Somewhere in the shadows of his dreams, the young man drifted in and out of the haze. Trees seemed to be every where, he looked around and everything looked the same. Here and there a branch would be different or a limb wold be broken off, but nothing in the real world went on and on without variation!
The, within his dream world, he thought of the ocean, how it went on and on, the waves crashing, the winds pounding, shells sprinkled about. There were a few things that went on and on without variety. But what did it mean? What was the purpose of this dreams.
Within the mist of dreamworld, he recalled what he had been thinking of as he went to sleep. What would I like to be when I am grown, what do I love? He thought of hikes he had been on, the whispers of the forest, the gentle breaks in its continuity. Its peace, the way it drew him back, time after time.
Suddenly, his eyes opened- “An OCEAN of trees!” the forest was like the ocean, simply a different entity. It went on and on, it was tranquil, yet mysterious. Forestry, that’s what it was, he would study forestry! Somewhere in that never ending topic, he would find himself. His eyes softly closed again.
Fifteen years ago, my dad had to cut down a Sycamore, giant and majestic, that he had planted when he built the house in the 1950′s. He left a very high stump, which soon sprouted and the new branches, themselves became a problem. They got in the way of power lines, blocked the view of ‘ and the mountains. Everyone fussed at dad, but he continued to just “trim” back the limbs.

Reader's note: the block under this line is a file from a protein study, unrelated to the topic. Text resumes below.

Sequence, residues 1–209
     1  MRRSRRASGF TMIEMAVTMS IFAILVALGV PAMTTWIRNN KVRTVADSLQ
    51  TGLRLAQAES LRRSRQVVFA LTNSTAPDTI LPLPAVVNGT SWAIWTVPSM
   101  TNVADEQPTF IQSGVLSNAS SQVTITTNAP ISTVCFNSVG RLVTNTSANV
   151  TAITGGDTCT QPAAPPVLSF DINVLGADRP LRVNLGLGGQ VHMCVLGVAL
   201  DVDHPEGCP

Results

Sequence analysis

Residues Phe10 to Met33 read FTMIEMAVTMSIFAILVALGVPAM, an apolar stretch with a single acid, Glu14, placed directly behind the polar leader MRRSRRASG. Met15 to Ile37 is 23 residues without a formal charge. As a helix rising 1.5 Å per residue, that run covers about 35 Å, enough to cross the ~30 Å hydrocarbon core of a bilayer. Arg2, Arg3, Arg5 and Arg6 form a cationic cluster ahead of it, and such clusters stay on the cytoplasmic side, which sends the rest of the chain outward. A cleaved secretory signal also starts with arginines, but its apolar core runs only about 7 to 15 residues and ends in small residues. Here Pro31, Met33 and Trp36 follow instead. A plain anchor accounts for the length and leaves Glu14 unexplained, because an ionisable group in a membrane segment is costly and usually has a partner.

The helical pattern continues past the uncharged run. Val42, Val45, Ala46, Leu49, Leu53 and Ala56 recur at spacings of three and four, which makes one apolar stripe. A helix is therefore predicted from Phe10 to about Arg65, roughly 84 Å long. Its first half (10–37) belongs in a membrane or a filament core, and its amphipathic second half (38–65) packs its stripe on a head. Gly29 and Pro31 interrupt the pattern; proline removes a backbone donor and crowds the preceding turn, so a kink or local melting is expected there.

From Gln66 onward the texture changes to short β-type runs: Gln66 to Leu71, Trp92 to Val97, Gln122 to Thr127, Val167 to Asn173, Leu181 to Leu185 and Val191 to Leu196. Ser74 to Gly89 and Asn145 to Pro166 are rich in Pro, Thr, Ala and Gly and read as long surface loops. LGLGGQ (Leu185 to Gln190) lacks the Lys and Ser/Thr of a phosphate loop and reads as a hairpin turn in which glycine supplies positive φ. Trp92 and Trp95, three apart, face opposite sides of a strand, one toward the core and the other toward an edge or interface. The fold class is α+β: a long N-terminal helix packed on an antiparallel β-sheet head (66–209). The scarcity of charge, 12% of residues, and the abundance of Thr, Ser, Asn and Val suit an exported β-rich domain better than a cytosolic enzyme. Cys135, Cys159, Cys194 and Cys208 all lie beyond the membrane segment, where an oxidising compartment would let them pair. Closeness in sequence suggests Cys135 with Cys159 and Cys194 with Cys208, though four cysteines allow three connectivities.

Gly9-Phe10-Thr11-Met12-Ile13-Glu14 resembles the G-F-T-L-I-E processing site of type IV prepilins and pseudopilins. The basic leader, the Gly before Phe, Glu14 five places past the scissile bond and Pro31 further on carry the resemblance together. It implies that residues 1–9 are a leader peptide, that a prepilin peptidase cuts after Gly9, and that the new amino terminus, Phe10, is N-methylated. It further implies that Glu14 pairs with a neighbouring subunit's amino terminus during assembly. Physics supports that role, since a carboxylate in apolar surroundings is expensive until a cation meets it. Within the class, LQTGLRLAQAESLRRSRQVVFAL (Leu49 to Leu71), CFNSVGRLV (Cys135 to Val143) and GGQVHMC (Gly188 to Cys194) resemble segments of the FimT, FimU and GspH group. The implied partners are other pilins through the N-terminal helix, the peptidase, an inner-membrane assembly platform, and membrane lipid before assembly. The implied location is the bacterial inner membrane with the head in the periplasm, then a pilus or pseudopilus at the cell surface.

Now my son has built a house next to my father and has become concerned that a tall poplar that dad also planted nearly 60 years ago could fall onto the house or damage property if we don’t cut it down. Not only is dad’s heart broken, I find myself grieving it too. I now understand dad’s feelings. It isn’t just a tree, even a majestic tree, it is a collection of memories, a diary of sorts. They are two trees, one ruined, one soon to be that deserved to be giants in some preserved forest. I see both myself and my children gathering sycamore balls, poplar blossoms, the trees were part of what “home” meant”
I have no answer, I have thought of ways to donate the wood and such but have found no affordable options. When I see a tall tree, still safe in the forest, I smile. And, as with the Sycamore tree, I can’t help but hope that sprouts will appear from that immense root system and at least be a reminder of what was and what should be.
It has been another mild winter here in the Southern Appalachians. The weather has been fickle-as it always I. Listening to the weather report is a bit like reading your horoscope. Still as I walk through my garden, through yards and fields, I have seen many blooming flowers and budding trees. I am afraid that we are heard for another year of an early spring an a late frost, which often damages some crops beyond repair.
This week, I n clumps of tiny bluets growing in my son’s yard, along with patches of small white flowers. In my own yard I ha e seen a dandelion,yellow crocus and paperwhites in full bloom. shes us when we somehow manage to skip it!My bridal veil bush has swollen buds as do many other early blooming bushes.
I don’t have many strawberries this year, my health prevented me from doing a lot of gardening, but last year, their blossoms were killed by a late frost, along with apple blossoms and many flowering scrubs.
As much as I look forward to spring, I know that mother nature expects us to have winter first and often punished.